Poets and Prophets: Hank Cochran

March 24, 2007
Following the maxim “make it short, make it sweet, make it rhyme,” songwriting legend Hank Cochran has produced some of the greatest country songs ever recorded. He gave museum patrons a glimpse into his life and career Saturday (March 24), during a ninety-minute interview, with multimedia elements, in the museum’s Ford Theater. 

Speaking with Museum Editor Michael Gray, Cochran, 71, shared stories about his early life, the career path that led him to Nashville, and the inspirations for hit songs such as “She’s Got You” and “Don’t Touch Me.” He spoke in an endearing, rambling style that kept the capacity audience hanging on his every soft-spoken word. The program was the first in a new, quarterly museum series, Poets and Prophets, honoring legendary country songwriters.

Born in Isola, Mississippi, Cochran recalled picking cotton at age eight or nine, and moving on to oilfield work as a roustabout by age twelve. A guitar-playing uncle, though, showed him what music could do for a young fellow. “He had all the girls,” Cochran observed. So Cochran got a guitar and learned to play, too. “That’s what shaped me,” he quipped.

Moving to California, Cochran fell in with Eddie Cochran (no relation), performing as the Cochran Brothers. They made records, and toured with Lefty Frizzell, but after seeing Elvis Presley perform in Memphis, the duo updated their style. “Eddie rocked and I rolled,” Cochran said. He found the rock & roll milieu not to his liking, however. “I can’t handle those people screamin’ and grabbin’ at me,” he told his partner, and they split.

After signing a publishing deal with newly formed Pamper Music, Cochran moved to Nashville to work for the company as a writer, talent scout, and songplugger. He arrived in January 1960. “There was snow everywhere,” he remembered. Cochran found his way to two popular musicians’ haunts: Mom Upchurch’s boarding house in East Nashville and Tootsie’s Orchid Lounge, where he could get “beer and chili on credit.” Both proved useful places to be as he networked to get established in the music business.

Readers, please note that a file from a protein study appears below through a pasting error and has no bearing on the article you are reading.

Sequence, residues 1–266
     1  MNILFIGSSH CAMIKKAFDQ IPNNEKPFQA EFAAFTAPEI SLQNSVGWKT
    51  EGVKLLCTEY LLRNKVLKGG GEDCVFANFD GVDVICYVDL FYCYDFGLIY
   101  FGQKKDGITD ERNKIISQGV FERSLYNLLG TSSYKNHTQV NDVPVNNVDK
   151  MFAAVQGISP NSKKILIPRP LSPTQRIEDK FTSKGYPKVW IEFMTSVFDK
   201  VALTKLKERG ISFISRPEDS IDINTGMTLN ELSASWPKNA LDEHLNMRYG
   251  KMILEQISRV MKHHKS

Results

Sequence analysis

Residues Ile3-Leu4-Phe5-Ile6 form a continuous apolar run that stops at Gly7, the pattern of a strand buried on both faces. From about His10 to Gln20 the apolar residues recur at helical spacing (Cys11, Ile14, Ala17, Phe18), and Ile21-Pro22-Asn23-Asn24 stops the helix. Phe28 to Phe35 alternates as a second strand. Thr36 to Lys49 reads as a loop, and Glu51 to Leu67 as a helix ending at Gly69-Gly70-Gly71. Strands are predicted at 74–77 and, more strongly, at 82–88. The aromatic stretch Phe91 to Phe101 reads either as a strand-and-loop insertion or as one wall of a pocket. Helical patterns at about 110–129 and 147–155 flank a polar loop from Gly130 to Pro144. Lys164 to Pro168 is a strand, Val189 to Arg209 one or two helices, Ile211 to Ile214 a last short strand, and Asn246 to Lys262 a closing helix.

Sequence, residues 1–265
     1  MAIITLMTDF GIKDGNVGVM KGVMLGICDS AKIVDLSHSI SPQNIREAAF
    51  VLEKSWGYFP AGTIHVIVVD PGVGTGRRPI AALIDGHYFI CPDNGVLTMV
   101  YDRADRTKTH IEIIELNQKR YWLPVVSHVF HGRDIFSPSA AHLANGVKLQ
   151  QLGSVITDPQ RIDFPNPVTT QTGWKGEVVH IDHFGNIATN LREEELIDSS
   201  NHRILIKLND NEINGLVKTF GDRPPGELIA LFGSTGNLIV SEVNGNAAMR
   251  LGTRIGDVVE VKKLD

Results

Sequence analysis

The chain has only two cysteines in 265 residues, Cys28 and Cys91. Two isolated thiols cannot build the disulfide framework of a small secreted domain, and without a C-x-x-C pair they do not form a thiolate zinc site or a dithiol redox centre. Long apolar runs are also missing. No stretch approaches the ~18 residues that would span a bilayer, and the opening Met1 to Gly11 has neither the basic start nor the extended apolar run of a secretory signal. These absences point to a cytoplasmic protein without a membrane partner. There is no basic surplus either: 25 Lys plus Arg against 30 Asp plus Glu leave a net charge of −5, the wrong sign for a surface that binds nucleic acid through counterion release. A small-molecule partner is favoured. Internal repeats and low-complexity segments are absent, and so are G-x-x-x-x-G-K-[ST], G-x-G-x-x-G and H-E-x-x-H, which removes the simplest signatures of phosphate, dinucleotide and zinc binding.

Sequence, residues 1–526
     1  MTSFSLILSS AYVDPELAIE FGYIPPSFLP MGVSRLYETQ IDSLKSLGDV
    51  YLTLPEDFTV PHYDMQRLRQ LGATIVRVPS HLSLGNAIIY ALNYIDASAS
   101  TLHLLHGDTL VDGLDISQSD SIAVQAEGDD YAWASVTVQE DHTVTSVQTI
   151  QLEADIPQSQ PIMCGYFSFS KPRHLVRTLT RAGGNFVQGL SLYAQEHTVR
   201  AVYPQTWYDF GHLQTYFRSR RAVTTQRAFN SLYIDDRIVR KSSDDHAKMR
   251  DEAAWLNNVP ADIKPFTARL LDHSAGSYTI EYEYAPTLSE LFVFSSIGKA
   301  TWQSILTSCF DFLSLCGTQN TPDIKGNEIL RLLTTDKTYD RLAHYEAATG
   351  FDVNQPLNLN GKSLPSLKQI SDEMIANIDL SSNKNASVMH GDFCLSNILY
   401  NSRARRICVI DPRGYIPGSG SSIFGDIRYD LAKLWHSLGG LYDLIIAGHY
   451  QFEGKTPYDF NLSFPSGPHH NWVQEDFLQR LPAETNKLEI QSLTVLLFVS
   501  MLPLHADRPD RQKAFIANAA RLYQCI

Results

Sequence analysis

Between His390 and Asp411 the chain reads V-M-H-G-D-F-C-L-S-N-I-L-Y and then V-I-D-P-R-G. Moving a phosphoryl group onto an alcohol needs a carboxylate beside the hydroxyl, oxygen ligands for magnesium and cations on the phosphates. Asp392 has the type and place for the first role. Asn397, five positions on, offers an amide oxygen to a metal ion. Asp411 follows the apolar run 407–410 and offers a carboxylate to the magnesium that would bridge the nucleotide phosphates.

The Pamper offices in Goodlettsville had a garage out back. Cochran and one of his recruits—fellow writer and friend Willie Nelson—turned it into a writers’ lair, where hits came off their pens like sausage off a diner griddle. Cochran had no shortage of stories about Nelson, whom he described as “so much different and better than anybody in town.” Cochran recalled Nelson’s journey out to Goodlettsville, in precarious transportation, to sign his writer’s contract; a scheme to replace Nelson’s bad car tires with better ones, from Roger Miller’s car, which was on the verge of repossession; and an altercation in a Lower Broadway bar between Nelson and his wife that put Cochran in the emergency room at Vanderbilt Hospital with a split chin that Nelson reluctantly allowed a weekend-duty physician to stitch up.

Cochran took special care to recall the saga of the creation, pitching, recording, and breaking of “I Fall to Pieces.” And there were other tidbits: Patsy Cline cried when she heard Hank sing “She’s Got You” the first time. Bobby Bare was going with Jeannie Seely when Cochran wrote “Don’t Touch Me.” He promised Seely she could record the song, then had to turn down Buck Owens, who also wanted to cut it when he heard it. “Don’t You Ever Get Tired of Hurting Me” affected Cochran so deeply that he couldn’t bear to sing it for two years after he wrote it. Wife Suzi had to insist that he present “Ocean Front Property” to George Strait—neither Cochran nor co-writer Dean Dillon thought the song worthy of such a pitch.

Briefly, Cochran recalled his early sixties flirtation with a singing career, and the audience heard a snippet of his most successful recording, the #20 chart hit for Liberty “Sally Was a Good Old Girl.” Cochran closed the afternoon session with his own performance of another of his compositions, “Ain’t Life Hell.” 

Living in Nashville has kept him humble, Cochran said. “If you get the big head in this town,” he counseled, “look around you. There’s probably someone right next to you who can out-write you and out-sing you.” But few, if any, have come along who could out-write Cochran. For his part, he credited divine grace for blessing him with his songs: “I believe,” he said, “the good Lord give ‘em all to me.”

--Jay Orr